Construction begins on penultimate segment of the E Lake Sammamish Trail

1200_913w_trailmap_elst-samm-a-closedKing County has started construction to pave 1.3 miles of the East Lake Sammamish Trail, bringing the key walking and biking link between Redmond and Issaquah that much closer to completion.

The trail, funded by a combination of Federal, state and regional sources, has been a long time coming. So many people have worked to advocate for this trail over many years, and King County successfully stood up to several legal challenges from trail opponents.

The southernmost and northernmost sections of the trail are already completed, and they are very high quality. The trail serves a transportation purpose, but it also provides people access to public spaces along the lake.

The existing gravel trail will be closed during construction, and people biking will be detoured to E Lake Sammamish Pkwy, which has decent paved shoulders. The work will take a year to complete for this segment, but the total period of construction will likely be longer once work on the final segment gets under way.

The final 3.6-mile section of trail is still in the design phase, and “construction [is] expected to begin when permitting and design are complete,” according to a King County press release:

Upgrades are coming to another segment of King County’s East Lake Sammamish Trail (ELST), as crews begin work to convert a 1.3-mile stretch of the trail through Sammamish from a gravel-topped interim trail into a master planned paved trail that is wider, safer, and offers more amenities for trail users.

In order to ensure safety of the public and construction workers, the ELST will be closed from Southeast 43rd Way to Southeast 33rd Street beginning Monday, Dec. 19. The closure is expected to last for about 12 months, when there will be no public access along this trail segment, also known as “South Sammamish A.”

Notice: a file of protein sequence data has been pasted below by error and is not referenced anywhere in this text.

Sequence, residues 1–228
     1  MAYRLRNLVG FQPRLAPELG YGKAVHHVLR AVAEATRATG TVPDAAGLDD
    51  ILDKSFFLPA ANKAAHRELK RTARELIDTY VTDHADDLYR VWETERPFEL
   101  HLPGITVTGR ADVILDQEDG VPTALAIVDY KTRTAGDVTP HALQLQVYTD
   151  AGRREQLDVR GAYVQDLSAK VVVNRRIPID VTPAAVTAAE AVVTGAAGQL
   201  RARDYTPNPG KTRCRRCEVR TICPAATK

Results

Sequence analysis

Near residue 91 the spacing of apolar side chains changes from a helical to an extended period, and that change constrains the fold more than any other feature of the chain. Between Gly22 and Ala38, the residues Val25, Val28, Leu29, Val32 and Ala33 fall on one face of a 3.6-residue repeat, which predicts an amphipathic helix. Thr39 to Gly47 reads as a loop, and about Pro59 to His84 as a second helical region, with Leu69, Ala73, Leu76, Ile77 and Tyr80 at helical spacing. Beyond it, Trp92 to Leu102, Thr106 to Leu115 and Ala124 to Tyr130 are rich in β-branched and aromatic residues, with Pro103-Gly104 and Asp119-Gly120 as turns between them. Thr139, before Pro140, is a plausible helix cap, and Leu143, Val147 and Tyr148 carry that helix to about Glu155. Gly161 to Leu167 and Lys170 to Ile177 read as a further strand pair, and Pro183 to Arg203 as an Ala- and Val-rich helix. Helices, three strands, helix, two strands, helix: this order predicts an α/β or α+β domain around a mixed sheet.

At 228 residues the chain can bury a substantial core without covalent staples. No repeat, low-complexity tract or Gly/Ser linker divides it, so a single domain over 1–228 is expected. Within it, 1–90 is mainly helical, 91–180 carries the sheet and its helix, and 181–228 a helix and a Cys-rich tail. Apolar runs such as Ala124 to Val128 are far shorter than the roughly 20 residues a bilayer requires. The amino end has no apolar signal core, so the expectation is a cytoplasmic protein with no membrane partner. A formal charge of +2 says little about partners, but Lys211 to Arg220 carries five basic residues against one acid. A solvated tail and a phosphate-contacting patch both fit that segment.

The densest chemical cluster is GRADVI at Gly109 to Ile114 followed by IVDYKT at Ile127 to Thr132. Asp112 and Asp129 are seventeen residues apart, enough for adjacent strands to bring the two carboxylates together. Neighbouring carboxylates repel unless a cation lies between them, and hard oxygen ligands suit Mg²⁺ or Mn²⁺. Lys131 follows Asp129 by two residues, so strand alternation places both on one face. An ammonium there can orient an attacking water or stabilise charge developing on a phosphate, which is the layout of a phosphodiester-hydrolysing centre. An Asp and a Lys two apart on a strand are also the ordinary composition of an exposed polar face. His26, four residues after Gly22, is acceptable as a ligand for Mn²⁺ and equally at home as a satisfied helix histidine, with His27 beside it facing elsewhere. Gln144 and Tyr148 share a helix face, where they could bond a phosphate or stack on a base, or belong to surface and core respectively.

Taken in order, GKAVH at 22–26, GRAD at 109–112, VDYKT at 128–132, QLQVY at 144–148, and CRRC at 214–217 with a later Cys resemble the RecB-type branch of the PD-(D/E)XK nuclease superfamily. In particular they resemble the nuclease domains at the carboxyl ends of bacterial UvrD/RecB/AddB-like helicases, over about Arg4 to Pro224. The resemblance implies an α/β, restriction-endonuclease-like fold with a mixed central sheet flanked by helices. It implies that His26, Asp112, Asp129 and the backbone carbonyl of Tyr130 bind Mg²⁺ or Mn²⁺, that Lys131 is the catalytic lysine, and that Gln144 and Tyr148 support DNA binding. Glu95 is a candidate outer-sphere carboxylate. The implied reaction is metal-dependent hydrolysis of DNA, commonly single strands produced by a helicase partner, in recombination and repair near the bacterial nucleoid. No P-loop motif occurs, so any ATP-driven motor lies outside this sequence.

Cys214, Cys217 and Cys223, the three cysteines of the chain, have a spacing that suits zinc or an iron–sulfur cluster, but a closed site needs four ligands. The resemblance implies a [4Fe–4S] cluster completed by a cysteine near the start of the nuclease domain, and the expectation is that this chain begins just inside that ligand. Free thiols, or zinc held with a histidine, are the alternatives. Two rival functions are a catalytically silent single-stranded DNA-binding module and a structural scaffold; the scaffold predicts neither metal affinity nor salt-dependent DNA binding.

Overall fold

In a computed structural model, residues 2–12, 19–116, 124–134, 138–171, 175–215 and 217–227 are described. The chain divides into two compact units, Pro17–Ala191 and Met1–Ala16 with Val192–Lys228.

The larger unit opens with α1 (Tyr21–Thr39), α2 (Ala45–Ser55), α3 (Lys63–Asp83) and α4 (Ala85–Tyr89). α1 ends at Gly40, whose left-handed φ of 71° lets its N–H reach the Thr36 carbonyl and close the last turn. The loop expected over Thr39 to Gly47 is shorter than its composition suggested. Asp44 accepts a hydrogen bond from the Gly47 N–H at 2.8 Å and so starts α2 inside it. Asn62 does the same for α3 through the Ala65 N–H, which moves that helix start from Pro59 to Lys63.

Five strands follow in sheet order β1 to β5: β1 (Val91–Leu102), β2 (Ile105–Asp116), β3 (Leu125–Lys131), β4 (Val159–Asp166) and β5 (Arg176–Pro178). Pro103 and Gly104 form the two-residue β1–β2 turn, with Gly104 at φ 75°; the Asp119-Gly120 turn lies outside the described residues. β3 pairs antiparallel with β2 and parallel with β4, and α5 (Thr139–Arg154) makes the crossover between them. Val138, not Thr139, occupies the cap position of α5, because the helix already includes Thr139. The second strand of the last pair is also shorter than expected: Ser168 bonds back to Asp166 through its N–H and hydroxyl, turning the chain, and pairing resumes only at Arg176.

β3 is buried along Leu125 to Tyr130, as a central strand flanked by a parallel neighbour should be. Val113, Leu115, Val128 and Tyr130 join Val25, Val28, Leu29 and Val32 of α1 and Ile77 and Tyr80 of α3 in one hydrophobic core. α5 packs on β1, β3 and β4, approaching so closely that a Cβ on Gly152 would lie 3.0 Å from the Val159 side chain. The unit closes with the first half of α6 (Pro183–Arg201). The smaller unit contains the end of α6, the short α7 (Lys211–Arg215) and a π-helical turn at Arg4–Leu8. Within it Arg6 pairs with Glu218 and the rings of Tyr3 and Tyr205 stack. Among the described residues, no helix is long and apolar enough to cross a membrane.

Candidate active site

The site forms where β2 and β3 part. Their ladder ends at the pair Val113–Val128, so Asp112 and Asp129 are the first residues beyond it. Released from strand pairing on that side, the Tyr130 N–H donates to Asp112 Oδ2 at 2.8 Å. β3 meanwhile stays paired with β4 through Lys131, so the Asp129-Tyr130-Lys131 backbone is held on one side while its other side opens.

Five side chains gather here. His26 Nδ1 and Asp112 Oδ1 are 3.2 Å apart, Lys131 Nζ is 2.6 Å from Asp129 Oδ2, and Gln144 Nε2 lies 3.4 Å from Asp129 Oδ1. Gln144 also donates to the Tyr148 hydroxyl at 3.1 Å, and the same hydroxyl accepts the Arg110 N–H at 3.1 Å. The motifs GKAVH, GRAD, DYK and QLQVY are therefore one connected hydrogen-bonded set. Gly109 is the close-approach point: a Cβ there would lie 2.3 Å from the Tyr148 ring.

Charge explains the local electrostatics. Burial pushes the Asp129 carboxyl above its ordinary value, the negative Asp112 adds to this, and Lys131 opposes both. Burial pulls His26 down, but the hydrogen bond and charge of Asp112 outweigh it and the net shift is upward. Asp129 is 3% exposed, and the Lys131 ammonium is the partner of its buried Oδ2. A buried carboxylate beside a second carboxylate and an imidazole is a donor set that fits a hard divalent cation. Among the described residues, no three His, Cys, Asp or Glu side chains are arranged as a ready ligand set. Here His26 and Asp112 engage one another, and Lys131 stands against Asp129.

East Lake Sammamish Parkway, which runs parallel to the ELST, features bike lanes and sidewalks for people who want to travel around the closed trail stretch. Want to explore other King County trails in the area? Try the new TrailFinder website, which offers detailed information about local regional trails, plus miles of nearby backcountry trails. Check out TrailFinder at http://gismaps.kingcounty.gov/TrailFinder/.

Work planned along the closed stretch of the ELST includes removing the existing interim gravel trail surface and constructing an 18-foot-wide trail comprised of a 12-foot-wide asphalt surface with 3-foot-wide gravel shoulders on each side of the paved pathway, installing concrete sidewalk connections, retaining walls, fencing and signage, plus wetland mitigation planting and landscaping.

The trail will be made safer by improved sightlines, enhanced intersections, and improved drainage.

The $10.5 million total project cost is funded in part by the 2014-19 Parks, Trails, and Open Space Replacement Levy in addition to $1.25 million in grant funding from federal and state sources.

The final portion of the ELST that will be redeveloped from an interim soft-surface trail to a paved regional trail is the 3.6-mile-long stretch from Southeast 33rd Street to Inglewood Hill Road, known as “South Sammamish B.” This segment is currently in design, with construction expected to begin when permitting and design are complete.

Design and construction of South Sammamish segments A and B will continue to adhere to agreements made during the planning phase to provide a safe, multi-use regional trail for bicyclists, pedestrians, joggers, skaters, strollers, wheelchairs, and users of all ages and abilities.

Visit the project website for ongoing construction updates and additional information. Questions? Call the project hotline at 1-888-688-4886 or via email, elst@kingcounty.gov.